There are two main types of essays you may be asked to write. One is a personal statement; the other is a proposal or statement of intent.
A personal statement should be a narrative giving a picture of you as an individual. It should deal with your personal history, family background, influences on intellectual development, the educational and cultural opportunities (or lack of them) to which you have been exposed, and the ways in which these experiences have affected you. Include your special interests and abilities, career plans, and life goals, etc. It should not be a recording of facts already listed on the application or an elaboration of your statement of proposed study.
A proposal or statement of intent (or study) can be a number of things. It could be an explanation of why you should receive a bunch of money to study or it could be a detailed account of what you plan to do with all of that money.
Some scholarships have you combine your academic proposal inside the framework of a personal reflection.
- Think of your application as a whole with each part supplementing and supporting every other part. The selection committee will be looking for clarity, conviction, clear and organized thinking, and effective communication.
- Consider your audience. Write for an intelligent non-specialist. Make sure the terminology will be understandable to someone outside your field. The tone should be neither too academic nor too personal. Aim for economy, enthusiasm, and directness; eloquence is welcome, but not at the expense of substance or honesty.
- Make sure all information is accurate and can discuss in some detail anything you mention.
- Do not pad, but do not be falsely modest either. Just be yourself and give the selections committee an opportunity to get to know you.
- Plan to experiment and try completely different versions.
- Show your work to a number of readers whose comments you respect. Consult especially your department advisor and ask your readers to tell you what questions your essays raise that you might not have considered.
- Revise until you are happy that you have made these highly restrictive forms into effective reflections of who you are and what you want to do.
- Keep to word limits and all other guidelines.
- Personal statements are short. Identify 3-4 points you want to develop and let other aspects of your application present the other important information. Use your personal statement to say what others could not say.
- Personal statements are read quickly and often in bulk. Yours should be a pleasure to read. It should start fast, quickly taking the reader into the heart of your discussion.
- Maintain focus. Establish a consistent story line. Consider one or two anecdotes that can help you focus and give a human face to your discussion.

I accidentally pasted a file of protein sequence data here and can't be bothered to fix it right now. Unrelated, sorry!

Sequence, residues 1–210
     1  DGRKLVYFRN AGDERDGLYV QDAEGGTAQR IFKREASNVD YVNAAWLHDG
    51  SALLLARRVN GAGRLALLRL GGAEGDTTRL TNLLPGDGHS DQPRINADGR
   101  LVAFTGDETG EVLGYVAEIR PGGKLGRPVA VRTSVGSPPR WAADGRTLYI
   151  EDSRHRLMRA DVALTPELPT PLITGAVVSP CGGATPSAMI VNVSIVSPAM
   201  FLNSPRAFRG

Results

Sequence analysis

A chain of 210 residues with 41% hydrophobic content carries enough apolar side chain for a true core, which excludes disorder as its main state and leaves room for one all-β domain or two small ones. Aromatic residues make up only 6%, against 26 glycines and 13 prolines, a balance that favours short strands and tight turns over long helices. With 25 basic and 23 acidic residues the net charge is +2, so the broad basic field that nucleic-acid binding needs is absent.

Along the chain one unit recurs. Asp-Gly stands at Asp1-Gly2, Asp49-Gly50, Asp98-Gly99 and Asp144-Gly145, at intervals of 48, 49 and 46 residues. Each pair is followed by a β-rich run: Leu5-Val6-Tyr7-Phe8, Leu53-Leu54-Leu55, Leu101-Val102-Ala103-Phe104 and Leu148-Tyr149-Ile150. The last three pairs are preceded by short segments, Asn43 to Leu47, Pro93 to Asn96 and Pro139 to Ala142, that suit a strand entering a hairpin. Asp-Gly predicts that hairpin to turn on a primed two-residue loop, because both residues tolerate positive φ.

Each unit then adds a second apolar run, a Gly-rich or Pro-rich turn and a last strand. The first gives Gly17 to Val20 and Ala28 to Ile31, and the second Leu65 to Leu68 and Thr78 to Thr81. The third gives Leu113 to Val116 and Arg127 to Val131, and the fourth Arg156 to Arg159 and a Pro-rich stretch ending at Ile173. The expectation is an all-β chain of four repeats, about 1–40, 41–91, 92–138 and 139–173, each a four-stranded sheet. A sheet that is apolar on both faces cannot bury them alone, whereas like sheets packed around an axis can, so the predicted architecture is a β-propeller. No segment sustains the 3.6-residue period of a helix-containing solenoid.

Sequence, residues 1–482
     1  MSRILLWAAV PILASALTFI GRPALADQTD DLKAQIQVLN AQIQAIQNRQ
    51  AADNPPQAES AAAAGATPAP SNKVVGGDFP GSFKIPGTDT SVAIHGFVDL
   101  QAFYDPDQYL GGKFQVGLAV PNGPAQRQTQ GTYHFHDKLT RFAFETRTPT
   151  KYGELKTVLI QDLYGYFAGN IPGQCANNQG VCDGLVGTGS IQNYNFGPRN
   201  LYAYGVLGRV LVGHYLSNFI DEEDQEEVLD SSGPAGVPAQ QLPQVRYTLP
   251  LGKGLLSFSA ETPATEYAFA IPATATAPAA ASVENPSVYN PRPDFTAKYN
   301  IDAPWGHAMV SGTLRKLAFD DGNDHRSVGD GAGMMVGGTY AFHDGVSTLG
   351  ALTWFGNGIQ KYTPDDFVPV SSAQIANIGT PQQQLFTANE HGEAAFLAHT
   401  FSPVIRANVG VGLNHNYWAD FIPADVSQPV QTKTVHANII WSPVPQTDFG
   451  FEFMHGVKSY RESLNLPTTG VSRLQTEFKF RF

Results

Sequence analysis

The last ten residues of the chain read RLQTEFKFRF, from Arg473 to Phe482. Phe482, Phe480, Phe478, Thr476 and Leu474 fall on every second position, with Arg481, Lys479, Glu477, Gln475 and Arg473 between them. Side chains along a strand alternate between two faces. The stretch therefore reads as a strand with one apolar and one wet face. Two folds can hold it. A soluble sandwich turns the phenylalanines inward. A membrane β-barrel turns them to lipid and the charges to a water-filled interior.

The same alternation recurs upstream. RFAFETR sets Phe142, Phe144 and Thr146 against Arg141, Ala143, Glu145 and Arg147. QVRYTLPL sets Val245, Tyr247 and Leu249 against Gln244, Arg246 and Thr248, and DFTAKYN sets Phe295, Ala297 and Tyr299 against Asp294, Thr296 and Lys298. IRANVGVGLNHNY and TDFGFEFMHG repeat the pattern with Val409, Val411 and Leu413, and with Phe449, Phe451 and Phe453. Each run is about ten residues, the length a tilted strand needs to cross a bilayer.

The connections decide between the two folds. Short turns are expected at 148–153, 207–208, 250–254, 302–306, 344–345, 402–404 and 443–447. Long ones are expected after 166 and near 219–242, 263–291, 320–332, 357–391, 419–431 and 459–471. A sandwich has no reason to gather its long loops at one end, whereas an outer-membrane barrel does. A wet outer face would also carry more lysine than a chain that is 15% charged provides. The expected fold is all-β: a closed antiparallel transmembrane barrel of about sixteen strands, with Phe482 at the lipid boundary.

- Use this discussion to present a compelling snapshot of who you are and what contributions you want to make, and to indicate what your priorities are and the kinds of intelligence and passion you bring to your work.
- You may also want to weave in some mention of any skills or resources that may particularly recommend you. Remember that this can be done through sharing an experience that shows a number of the qualities you want to convey rather than telling them.
- Start writing drafts. Experiment until you find a way for your paragraphs to flow together.
Questions to consider in getting started on your personal statement
- What ideas, books, courses, events have had a profound impact on you? How so?
- To what extent do your current commitments reflect your most strongly-held values?
- What errors or regrets have taught you something important about yourself?
- When does time disappear for you? What does this tell you about your passions, your values?
- When have you changed? Consider yourself before and after; what does this change mean?
Academic/Project Proposal-Common Elements
- A description of your course of study or project; topic(s), research focus, degree goals, methodology, itinerary, and budget.
- Why you have chosen this course of study (at this particular institution, in this particular country/location), or why you want to undertake this project in this particular setting.
- Evidence that your plans are consistent with your preparation, academic qualifications, and long-range goals.
- Perhaps why you are choosing a new area of study, or what makes your project particularly timely.
- This statement combines elements of the academic proposal within the framework of a personal reflection.
- It should not force an unrealistic unity.
- It should balance both components together effectively. The balance of these two aspects will vary according to what best represents you and your goals. (The Rhodes selection committee recommends no more than 1-2 paragraphs to present the academic proposal.)
On Writing Well, William Zinsser, Harper & Row
Manual of Style, University of Chicago
Elements of Style, Strunk and White, Macmillan
Graduate Admissions Essays: What Works, What Doesn't and Why, Donald Asher, Ten Speed Press